Paradise restaurant review: Second time’s a charm

As one of the latest instagramable Sri Lankan restaurants to open, Ed Cumming thinks this one won’t suffer from the ‘central London curse’

Friday 31 January 2020 15:40
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Is so much praise after opening always a good thing? Just don’t let it put you off going...
Is so much praise after opening always a good thing? Just don’t let it put you off going...

Paradise is a small contemporary Sri Lankan restaurant, launched around the same time as forgettable Kolamba in Soho, and soon before a new mega-Hoppers at Kings Cross. New regulations oblige me to point out that Sri Lankan restaurants existed in London before Hoppers, but East Ham and Tooting are a schlep too far for lunch on a Tuesday. When I first went to Paradise it had had almost no coverage, but by the time I went again this week it had been praised to Colombo and back. It was good, but was it that good? Praise can be off-putting.

It is on the site of the old Spuntino, a New York version of Polpo that was briefly as cool as London got, bringing 2011 Soho-trawlers for the sliders and truffled toast and mac and cheese they had recently eaten in Williamsburg. It lost its way and expanded to Heathrow. For all I know it’s still there, operating as a theme park for baffled travellers.

The new owners have taken out the metro tiles and bare pendant lightbulbs and stripped the room back to a kind of anti-Dishoom simplicity, with stark grey concrete walls and a few banquettes along the side of the bar. It’s plainer but more comfortable, a good trade, although you will struggle to seat more than four, and this is definitely not a grandparent catch-up dinner place. The menu is split into short eats, hoppers and breads, sambols and rice, and land/sea/veg mains.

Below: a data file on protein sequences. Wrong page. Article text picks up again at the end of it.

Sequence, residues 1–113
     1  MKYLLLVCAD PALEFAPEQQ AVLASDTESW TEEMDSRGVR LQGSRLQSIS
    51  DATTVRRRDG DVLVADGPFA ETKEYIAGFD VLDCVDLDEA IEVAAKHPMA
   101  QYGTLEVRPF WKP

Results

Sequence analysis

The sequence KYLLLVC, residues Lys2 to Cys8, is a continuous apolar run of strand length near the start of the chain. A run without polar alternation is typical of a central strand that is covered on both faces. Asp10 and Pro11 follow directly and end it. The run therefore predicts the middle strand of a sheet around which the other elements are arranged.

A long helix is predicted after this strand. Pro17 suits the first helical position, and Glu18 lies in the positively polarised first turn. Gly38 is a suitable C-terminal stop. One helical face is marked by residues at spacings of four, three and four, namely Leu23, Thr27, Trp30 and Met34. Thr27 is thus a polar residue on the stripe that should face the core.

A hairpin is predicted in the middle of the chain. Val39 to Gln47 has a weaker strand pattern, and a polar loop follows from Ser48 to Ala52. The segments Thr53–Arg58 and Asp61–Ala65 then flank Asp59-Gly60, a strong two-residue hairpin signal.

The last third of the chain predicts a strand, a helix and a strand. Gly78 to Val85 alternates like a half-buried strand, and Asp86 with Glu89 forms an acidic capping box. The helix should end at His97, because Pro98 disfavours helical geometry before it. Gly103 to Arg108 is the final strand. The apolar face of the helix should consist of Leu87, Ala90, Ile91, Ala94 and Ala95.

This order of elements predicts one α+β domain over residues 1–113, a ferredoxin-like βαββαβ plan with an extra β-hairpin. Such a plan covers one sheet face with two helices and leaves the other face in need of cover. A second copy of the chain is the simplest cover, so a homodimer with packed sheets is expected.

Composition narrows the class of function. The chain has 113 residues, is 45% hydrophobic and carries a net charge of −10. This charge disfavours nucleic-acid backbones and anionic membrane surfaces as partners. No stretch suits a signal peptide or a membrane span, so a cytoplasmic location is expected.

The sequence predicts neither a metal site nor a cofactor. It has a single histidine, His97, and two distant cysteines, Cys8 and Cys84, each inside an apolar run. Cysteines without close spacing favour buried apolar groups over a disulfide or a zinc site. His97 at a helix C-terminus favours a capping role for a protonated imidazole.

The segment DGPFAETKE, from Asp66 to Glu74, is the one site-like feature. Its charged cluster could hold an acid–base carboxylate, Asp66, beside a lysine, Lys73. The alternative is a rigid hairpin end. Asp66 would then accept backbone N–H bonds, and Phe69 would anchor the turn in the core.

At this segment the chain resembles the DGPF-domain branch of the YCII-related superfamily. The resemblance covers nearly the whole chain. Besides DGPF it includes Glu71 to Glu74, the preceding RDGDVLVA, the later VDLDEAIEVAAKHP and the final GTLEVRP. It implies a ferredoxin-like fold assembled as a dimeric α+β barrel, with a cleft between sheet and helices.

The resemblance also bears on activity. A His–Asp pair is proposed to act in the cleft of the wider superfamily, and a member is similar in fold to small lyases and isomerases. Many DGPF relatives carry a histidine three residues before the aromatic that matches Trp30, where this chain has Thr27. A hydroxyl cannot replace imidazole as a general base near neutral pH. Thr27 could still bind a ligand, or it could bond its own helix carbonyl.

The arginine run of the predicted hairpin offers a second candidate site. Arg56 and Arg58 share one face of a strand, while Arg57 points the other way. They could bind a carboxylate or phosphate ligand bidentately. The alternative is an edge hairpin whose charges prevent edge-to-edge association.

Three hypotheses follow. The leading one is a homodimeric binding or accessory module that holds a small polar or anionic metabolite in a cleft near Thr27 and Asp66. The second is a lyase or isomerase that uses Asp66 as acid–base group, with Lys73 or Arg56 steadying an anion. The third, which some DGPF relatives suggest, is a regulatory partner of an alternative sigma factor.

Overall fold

Instagrammers and other critics have rightly taken to the mutton rolls, which come as two good-sized crispy golden logs with a pot of fermented ketchup. The juicy yielding meat inside is distributed a bit unevenly, and in one or two places the crispy shell gives way to air, but they are punchily spiced, moreish and generous enough that they would make a decent lunch on their own. At £5.50, they are 50p more than the versions at Hoppers and 45p less than at Dammikas, in Victoria. Yaal, in East Ham, does two for £1.75. Nobody can eat a mutton roll without first consulting the MR Index. Perhaps we can look forward to mutton roll stalls at major railway termini.

Free-range egg hopper is a classic dish

Pork and cod are the picks of the curries, the pig cheeks bathed in stout and lemongrass; a hunky chunk of fish thatched with shoestring fries in a pool of rich mustard-yellow sauce. The massive flavours amplify the ingredients rather than shouting over them. You’ll get to £40 a head without any trouble, but being good isn’t cheap and neither is being cool.

There are one or two clunks. A pistachio and date roti had a flavour of a mince pie assembled by a martian. The mutton rolls’ mackerel counterparts are not up to the same level. Everything is brought when it’s ready, a system that seems a bit at odds with the snacks-then-mains menu and leads to a multi-dish pileup on my own, where I rush to stuff everything in my gob before the hopper gets cold.

This probably outs me as a philistine, but I found it a bit annoying having to pick cardamom pods out of my mouth when I was eating the chicken-thigh curry. But it’s all forgiven for the friendly and knowledgable staff, mainly excellent food and a warm, buzzy vibe.

Some sites are cursed, occupied by a succession of restaurants doomed to fail from the moment they turn the extractor fan on. You see the hopeful owners outside and imagine the light in their eyes fading in the face of rents and competition and pointlessly mean critics. The estate agents ought to warn them not to bother.

The tuna and mackerel cutlets don’t live up to the same standard of the much-hyped mutton rolls

At 61 Rupert Street, the opposite has happened, and Paradise might be blessed. A once-exciting venue that faded has made way for new owners who have given it thrilling new life. It can’t quite live up to the hype it’s currently enduring, but nowhere could. Don’t be put off by the recommendations.

Should you go? Yes
Would I go back? Yes
Can you take your parents? No

What to order:

Mutton rolls
Cauliflower tacos
Pork cheek curry
Cod curry
Egg hopper
Fried aubergine and jaggery mojo

Paradise, 61 Rupert St, Soho, London W1D 7PW; open Mon-Sat; paradisesoho.com

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